The aim is to immerse yourself with relevant contacts within your industry and make yourself noticeable. Many employers are open to speculative applications, so don't be afraid to reach out and ask if your CV could be of interest.

// Organise your job search

Track your job applications to understand your job search activity and what is working for you. Job Search Organisers will help you keep an organised log of what positions you've applied for, where you found them, the location, salary and other key details. You should also make a note of when you last spoke to them, when a decision is due and when a follow up call needs to be made.

Make these documents easily accessible so you can refer back to it quickly when an employer shows interest. Being prepared could just give you the edge!

In Summary...

  1. Set up alerts that notify you of new positions immediately;

  2. Make sure your CV is relevant and stands-out;

  3. Call employers / recruiters to introduce yourself and build rapport;

  4. Connect with the right people on LinkedIn;

  5. Schedule follow up calls and stay organised.

Good luck!

Interview Preparation - 3 Top Tips To Overcome The Jitters

Interview PreparationSuzie Finch
Interview Preparation

Let's face it, job interviews can be pretty scary things.  The thought of being judged by a complete stranger is a daunting feeling for anyone.

I've seen brilliant candidates stumble at an interview stage based purely on nerves, which is a preventable and totally unnecessary problem (the view from the employer's side of the desk is - we just want candidates to do well and be themselves).

To help your interview preparation we've put together a few useful pointers to keep those interview nerves in check...

1. Interview Prep is King...

Research shows that you should spend roughly twice the amount of time researching your interview than actually attending it (that's about 2-3 hours). One of the big reasons you're nervous before an interview is the fear of stepping into the unknown, in-depth interview preparation is a great way to build confidence and gain insight.

  • Ask for a job specification (this is different from a job advert), it will give you better insight into the role, and what skills are required. Read it over and over;

  • Become a digital stalker… visit company websites as well as social media profiles. Instagram and Facebook are good for understanding company culture, Twitter for general news and chat and LinkedIn for corporate structure and team bios.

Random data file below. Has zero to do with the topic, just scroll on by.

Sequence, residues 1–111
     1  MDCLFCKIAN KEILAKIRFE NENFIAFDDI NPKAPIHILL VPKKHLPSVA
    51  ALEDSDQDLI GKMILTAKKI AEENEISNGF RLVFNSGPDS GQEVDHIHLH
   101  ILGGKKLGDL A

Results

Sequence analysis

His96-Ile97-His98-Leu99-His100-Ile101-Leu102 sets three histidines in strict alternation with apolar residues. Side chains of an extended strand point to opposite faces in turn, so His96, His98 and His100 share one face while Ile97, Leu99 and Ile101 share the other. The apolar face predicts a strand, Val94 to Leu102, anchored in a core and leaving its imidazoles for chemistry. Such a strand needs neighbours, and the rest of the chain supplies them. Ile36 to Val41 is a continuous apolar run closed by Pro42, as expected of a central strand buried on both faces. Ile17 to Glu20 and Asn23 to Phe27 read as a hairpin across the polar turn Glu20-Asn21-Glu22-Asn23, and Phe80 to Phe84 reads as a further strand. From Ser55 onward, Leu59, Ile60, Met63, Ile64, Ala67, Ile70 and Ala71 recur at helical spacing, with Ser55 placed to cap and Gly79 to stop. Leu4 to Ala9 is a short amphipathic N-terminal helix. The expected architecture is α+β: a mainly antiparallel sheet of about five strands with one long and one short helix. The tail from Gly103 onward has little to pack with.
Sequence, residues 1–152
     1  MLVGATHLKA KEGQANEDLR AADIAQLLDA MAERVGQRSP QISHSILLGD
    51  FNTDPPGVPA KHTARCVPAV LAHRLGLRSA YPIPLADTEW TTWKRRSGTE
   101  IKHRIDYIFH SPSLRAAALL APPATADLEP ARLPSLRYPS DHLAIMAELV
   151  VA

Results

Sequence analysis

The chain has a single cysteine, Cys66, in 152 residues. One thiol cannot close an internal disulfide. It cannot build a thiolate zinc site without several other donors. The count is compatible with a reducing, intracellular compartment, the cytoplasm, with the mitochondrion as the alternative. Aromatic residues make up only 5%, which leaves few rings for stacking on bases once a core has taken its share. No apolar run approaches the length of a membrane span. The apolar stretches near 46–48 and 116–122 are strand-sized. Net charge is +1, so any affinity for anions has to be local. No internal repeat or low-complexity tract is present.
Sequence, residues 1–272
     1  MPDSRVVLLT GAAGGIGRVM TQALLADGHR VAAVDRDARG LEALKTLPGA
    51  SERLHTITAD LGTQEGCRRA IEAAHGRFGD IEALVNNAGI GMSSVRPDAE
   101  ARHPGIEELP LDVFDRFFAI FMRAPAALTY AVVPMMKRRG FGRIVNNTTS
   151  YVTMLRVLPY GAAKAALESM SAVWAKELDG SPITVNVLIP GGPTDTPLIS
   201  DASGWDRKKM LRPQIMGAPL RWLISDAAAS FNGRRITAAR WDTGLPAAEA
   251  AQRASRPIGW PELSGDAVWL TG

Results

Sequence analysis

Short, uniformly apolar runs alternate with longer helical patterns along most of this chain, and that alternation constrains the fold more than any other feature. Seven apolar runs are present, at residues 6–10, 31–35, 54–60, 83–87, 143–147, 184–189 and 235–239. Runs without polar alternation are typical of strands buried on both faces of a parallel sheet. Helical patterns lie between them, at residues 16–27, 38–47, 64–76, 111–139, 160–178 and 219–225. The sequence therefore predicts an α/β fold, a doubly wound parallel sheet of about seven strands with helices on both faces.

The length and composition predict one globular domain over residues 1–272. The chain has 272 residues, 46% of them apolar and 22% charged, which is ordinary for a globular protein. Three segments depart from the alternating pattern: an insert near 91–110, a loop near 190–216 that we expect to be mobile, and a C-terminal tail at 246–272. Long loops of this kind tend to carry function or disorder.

• Don’t overlook the basics, get to the interview with plenty of time, check for travel disruptions, print out a high quality copy of your CV and prepare your outfit in advance (in case dry cleaning needed).

2. Slow Down, Listen and be in Control…

The start of an interview is when nerves tend to hit their peak. Be sure to take breaths, remain calm and consider each question carefully before answering. The early questioning stage of an interview is generally the hardest and most stressful, but relax, as things go on you should start to get into the swing of things and even start to enjoy it.  

The key is to remain calm, take a few seconds to contemplate each question before answering (don’t spurt out answers!), and don’t be afraid to ask interviewers to repeat questions or clarify what they mean.

If you are the fidgety type, then a useful way to stem that nervous energy is to hold a pen and jot down notes.  Not only will this make you look professional, but it will act as a distraction from the interview and give you time to collect your thoughts.

3. Silence That Little Voice in your Head…

Before your interview you need to channel positive energy, don’t worry, I’m not going to start quoting “Mr Motivator” but it’s the small things can make a real difference.  Ensure your music playlist is up-beat and positive. Give yourself a pep talk to silence any negative “I’m not good enough” thoughts and smile – you’ve got an interview at (we assume) a top employer you want to work at.

Once you overcome your nerves, you’ll realise that job interviews aren’t that scary, it’s just two groups of people chatting about stuff they should know about. So relax, don’t worry (as the worst outcome is not getting a job you don’t have in the first place) and nail it with confidence and a smile.  Good luck!